Measuring the challenges associated with commodity financing

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Challenges with Commodity Financing

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Measuring the challenges associated with commodity financing

  1. 1. 26th May 2009 Partho H. Chakraborty Measuring the Challenges associated with Commodity Financing 26th May 2009
  2. 2. Growth and Trade • World GDP growth already projected by IMF to slow down by 2% points (from 5 to 3 for 2008 and 2009) probably more. So with 2% world growth; global GDP per capita falls 26th May 2009 • Asia probably most resilient (though exports to US will fall); Latin America will slow down, Africa in recession • Commodity prices declining already; volumes too. Natural resource exporters will be hit; food and oil importers to benefit
  3. 3. 26th May 2009World Growth will slow reducing Trade Expansion 2006 Growth Figures Revised Source: IMF 2009
  4. 4. An End to Commodity Boom? 26th May 2009
  5. 5. World Prices • It is evident that all the price gains of the period January2007 to mid-2008 have been wiped out by the later fall in prices. • Oil prices in November 2008 were back to the nominal level of January 2007, which implies a decline in real 26th May 2009 2007, which implies a decline in real terms. • And non-oil commodities, specifically agricultural raw materials and metals were actually lower even in nominal terms. • It is worth noting that the latter group did not experience much of a price rise even when the commodity price boom of 2007-08 was supposedly operating in full force.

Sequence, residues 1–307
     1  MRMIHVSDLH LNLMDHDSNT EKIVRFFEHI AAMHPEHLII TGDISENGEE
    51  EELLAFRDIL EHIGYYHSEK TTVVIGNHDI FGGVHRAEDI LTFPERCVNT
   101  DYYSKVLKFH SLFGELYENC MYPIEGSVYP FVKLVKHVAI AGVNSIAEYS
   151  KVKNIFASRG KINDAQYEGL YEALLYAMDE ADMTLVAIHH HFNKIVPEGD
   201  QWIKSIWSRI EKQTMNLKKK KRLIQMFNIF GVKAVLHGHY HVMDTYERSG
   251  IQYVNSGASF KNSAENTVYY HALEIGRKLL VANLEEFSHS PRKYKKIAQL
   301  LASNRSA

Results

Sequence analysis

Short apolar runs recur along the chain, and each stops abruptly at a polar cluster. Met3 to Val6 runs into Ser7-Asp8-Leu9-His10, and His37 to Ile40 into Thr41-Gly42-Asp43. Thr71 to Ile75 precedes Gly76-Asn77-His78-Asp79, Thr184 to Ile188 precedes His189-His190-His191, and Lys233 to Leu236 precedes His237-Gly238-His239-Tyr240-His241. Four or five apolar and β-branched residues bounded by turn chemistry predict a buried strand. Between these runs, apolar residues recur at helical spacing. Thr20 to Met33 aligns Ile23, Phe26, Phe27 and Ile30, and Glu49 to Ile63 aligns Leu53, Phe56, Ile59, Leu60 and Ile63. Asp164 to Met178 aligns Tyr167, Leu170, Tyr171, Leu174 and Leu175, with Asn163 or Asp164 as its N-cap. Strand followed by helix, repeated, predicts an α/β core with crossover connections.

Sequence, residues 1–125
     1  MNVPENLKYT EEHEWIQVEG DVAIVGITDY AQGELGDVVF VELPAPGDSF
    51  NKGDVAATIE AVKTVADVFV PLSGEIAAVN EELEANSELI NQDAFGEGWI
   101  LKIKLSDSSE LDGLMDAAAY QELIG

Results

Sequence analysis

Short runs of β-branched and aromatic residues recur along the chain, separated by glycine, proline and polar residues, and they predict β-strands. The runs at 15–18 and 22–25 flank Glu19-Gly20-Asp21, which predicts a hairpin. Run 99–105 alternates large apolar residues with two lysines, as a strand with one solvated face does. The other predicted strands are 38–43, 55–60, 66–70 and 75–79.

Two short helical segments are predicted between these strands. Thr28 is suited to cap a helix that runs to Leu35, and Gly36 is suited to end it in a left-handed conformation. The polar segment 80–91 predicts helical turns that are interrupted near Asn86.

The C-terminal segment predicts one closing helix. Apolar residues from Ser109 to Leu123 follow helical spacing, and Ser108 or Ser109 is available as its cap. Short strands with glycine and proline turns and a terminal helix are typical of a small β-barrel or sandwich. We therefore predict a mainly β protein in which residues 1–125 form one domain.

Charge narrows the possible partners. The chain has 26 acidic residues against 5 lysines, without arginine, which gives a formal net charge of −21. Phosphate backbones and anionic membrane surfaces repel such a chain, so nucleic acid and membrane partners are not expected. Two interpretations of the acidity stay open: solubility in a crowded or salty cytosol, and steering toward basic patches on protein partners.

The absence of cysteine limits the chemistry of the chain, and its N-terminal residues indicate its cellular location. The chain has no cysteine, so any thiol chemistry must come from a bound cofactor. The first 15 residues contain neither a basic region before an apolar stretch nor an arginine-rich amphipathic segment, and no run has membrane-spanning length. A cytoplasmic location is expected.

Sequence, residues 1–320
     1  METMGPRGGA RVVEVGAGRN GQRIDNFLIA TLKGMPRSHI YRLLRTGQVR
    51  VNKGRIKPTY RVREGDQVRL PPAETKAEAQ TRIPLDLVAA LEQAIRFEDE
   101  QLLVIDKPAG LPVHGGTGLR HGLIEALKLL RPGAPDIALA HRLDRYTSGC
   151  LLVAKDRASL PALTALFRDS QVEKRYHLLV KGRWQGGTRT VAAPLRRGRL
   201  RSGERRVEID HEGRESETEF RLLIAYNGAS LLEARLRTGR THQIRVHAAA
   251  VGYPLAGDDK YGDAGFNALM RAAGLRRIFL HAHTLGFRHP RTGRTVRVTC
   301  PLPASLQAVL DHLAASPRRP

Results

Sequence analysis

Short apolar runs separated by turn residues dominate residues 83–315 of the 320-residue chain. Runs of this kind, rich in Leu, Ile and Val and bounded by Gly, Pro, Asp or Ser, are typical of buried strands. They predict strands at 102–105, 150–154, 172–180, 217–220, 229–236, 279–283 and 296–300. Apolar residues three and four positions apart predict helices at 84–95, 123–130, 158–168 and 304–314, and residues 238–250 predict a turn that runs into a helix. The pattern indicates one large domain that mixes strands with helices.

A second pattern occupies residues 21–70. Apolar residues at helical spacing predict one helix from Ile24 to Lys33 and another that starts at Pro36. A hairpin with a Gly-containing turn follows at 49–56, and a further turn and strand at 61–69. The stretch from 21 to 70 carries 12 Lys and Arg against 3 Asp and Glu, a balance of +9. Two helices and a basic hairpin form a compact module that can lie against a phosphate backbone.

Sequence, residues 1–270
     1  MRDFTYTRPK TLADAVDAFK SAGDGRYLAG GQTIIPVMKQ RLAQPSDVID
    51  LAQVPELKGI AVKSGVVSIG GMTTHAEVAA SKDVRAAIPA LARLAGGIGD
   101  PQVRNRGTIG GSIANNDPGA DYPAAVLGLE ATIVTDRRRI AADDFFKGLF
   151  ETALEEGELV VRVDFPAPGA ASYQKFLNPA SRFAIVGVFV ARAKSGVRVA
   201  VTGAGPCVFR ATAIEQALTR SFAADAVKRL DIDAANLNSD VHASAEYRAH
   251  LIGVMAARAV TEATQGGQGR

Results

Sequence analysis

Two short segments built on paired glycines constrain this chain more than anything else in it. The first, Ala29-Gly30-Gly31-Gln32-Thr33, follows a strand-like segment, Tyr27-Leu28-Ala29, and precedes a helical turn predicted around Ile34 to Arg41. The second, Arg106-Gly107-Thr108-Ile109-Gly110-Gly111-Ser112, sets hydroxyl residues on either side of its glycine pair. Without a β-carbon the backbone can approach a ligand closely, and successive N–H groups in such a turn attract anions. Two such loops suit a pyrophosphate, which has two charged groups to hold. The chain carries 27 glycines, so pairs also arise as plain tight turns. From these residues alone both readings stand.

6. 6. Cotton • Cotton is , the most widely planted non-food cash crop that directly affects the livelihood of millions of farmers • This price had fallen significantly in the past few years, so that in January 2007 it was less than 60 per cent of 26th May 2009 it was less than 60 per cent of the level reached in 2005. • The price started to increase around the middle of 2007, and by March 2008 had increased by 44 per cent compared to May 2007. But after that peak there has been quite a sharp crash in prices in just a few months, such that in November 2008 the price was actually lower than it had been in January 2007!
  7. 7. Cash Crops • The other major cash crops that dominate cultivation are all oilseeds, and here too, very volatile and sharp swings in prices are evident over the recent period. • We can see the behaviour of 26th May 2009 • We can see the behaviour of world trade prices of groundnuts which are used to make peanut oil, as well as the other major cooking oils: palm oil, soybean oil and rapeseed oil. • All of them show similar trends in prices, with continuous and substantial increases from January 2007 onwards, followed by sharp declines in the second half of the current year.
  8. 8. Food Grain • The most extreme trends have been evident in rice prices, which were broadly stable, increasing only gradually though most of 2007, but 26th May 2009 though most of 2007, but then exploded to increase by more than two and a half times between January and May 2008. • Rice prices have fallen thereafter but are still 80 per cent higher than they were at the start of the period.
  9. 9. Food and Fuel Subsidies as % of GDP 26th May 2009
  10. 10. Business Confidence 26th May 2009